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|Restriction in applying tax incentives by enterprises and how to optimise benefits from tax incentives|
Tax incentives are applied in the form of preferential duration of corporate income tax (CIT) exemption (tax holiday), CIT reduction, preferential CIT rates, exemption or reduction of import tax on goods imported as fixed assets, raw materials, supplies, and parts used for the project, and exemption or reduction of land rental and land use tax, among others.
The Investment Law regulates investment incentives and tax laws regulate CIT incentives. To be entitled to tax incentives, the enterprises and the projects need to meet the conditions stipulated in both laws. However, it could be very damaging if the investor incorrectly determined the incentives applying to their business.
Upon satisfying the criteria of location and/or sectors and/or scales to be entitled to CIT incentives, during the incentive enjoyment period, enterprises have to comply with the following regulations under current tax laws in order to apply CIT incentives properly.
CIT incentives are applied to enterprises that properly follow the regime of accounting and invoicing, and fulfilment of tax obligations according to their declarations.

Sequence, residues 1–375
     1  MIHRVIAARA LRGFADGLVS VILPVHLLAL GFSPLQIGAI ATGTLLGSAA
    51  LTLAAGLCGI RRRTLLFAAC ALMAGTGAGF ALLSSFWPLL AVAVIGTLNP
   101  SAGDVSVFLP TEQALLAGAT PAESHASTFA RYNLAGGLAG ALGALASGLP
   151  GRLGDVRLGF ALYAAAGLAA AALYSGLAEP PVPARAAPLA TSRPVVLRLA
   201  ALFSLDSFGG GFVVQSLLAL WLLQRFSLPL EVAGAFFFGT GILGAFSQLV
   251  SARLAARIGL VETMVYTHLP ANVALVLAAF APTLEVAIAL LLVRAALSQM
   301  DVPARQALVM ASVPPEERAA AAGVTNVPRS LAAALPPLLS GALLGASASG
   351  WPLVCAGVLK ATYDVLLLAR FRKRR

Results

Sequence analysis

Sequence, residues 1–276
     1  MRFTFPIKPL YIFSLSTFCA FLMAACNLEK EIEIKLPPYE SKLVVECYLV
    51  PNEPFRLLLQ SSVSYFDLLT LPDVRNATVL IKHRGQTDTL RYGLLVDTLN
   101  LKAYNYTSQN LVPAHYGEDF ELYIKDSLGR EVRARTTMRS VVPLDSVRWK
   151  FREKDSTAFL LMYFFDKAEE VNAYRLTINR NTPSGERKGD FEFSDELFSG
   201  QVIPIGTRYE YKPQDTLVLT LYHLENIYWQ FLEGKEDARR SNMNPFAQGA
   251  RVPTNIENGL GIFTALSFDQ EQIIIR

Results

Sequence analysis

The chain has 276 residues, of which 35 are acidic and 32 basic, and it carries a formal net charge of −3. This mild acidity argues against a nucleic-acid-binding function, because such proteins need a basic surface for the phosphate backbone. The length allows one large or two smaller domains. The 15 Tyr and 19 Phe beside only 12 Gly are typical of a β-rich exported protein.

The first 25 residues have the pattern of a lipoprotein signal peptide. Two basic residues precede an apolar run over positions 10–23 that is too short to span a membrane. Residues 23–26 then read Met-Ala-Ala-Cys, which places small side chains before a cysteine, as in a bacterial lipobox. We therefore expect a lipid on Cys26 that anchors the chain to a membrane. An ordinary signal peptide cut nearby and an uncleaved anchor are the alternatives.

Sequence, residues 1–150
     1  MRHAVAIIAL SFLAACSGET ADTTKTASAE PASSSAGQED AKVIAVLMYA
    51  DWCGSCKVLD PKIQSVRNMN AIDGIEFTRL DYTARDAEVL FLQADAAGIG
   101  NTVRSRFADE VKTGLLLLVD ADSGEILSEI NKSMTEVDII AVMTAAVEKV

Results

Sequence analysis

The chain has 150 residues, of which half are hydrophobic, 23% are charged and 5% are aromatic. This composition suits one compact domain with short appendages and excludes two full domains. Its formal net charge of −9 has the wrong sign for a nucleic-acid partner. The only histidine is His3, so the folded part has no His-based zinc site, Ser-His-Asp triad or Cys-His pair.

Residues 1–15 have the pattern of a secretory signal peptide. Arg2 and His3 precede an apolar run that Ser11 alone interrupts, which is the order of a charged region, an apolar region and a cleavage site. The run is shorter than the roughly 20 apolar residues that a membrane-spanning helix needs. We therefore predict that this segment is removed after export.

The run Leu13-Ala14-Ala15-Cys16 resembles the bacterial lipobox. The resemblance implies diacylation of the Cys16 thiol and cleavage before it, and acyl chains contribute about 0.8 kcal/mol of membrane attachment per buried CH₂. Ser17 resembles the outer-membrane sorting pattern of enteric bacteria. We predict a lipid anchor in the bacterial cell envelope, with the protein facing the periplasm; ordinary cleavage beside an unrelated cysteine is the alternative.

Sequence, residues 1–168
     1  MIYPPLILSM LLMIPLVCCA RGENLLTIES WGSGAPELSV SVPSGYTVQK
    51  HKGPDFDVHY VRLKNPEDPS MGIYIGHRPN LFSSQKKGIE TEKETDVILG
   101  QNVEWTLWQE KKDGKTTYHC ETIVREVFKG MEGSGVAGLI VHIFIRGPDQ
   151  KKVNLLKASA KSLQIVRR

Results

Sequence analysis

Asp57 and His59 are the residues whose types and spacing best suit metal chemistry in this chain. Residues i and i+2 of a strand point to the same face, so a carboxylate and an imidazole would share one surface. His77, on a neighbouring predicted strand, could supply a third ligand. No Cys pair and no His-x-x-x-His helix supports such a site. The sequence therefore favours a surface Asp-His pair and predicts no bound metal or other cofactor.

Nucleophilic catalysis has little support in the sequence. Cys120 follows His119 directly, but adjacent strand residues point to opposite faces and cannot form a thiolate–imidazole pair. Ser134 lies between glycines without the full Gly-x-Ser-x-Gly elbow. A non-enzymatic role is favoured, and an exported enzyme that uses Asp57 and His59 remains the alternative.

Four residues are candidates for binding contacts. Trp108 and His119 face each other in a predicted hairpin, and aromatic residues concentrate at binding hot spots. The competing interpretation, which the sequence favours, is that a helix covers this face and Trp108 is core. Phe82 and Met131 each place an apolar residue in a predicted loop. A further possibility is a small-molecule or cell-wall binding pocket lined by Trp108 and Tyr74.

Enterprises must separate incomes generated by the activities eligible for tax incentives from incomes generated by activities not eligible for tax incentives. In the event the incomes cannot be separated, the incomes from activities entitled to tax incentives will be determined based on the ratio of revenue generated by activities eligible for tax incentives to total revenue of the enterprise.
Tax incentives are not applied to:
If an enterprise is eligible for multiple tax incentives applied to the same income at the same time, it may choose the most advantageous incentive.
Additionally, it is crucial to note that CIT incentives given for new investment projects are not applied to enterprises established by splitting, separation, merger or transformation of enterprises, change of ownership, and other cases according to law.
The (i) differences in regulations promulgated by different laws, issued by different levels of authorities and (ii) different points in time of issuing and applying the guidelines (e.g. different effective dates of different laws and regulations), can confuse investors in determining the correct tax incentives in specific periods and can even trigger potential risks if they incorrectly determine tax incentives applied to their businesses.
1. Inconsistent regulations on assurance of business investment upon changes of laws by different competent authorities:
The Investment Law issued by the National Assembly (effective from July 1, 2015) and Decree No.118/2015/ND-CP issued by the government (effective from December 27, 2015) both had regulations on assurance of business investment upon changes of laws.
In particular, for projects granted an investment certificate before July 1, 2015 enjoying tax incentives under the regulations effective before July 1, 2015, where a new law comes into effect providing more or less favourable investment incentives than those currently enjoyed by the investors, the investors have the right to choose the best incentives to apply for the remaining incentive enjoyment period of the projects.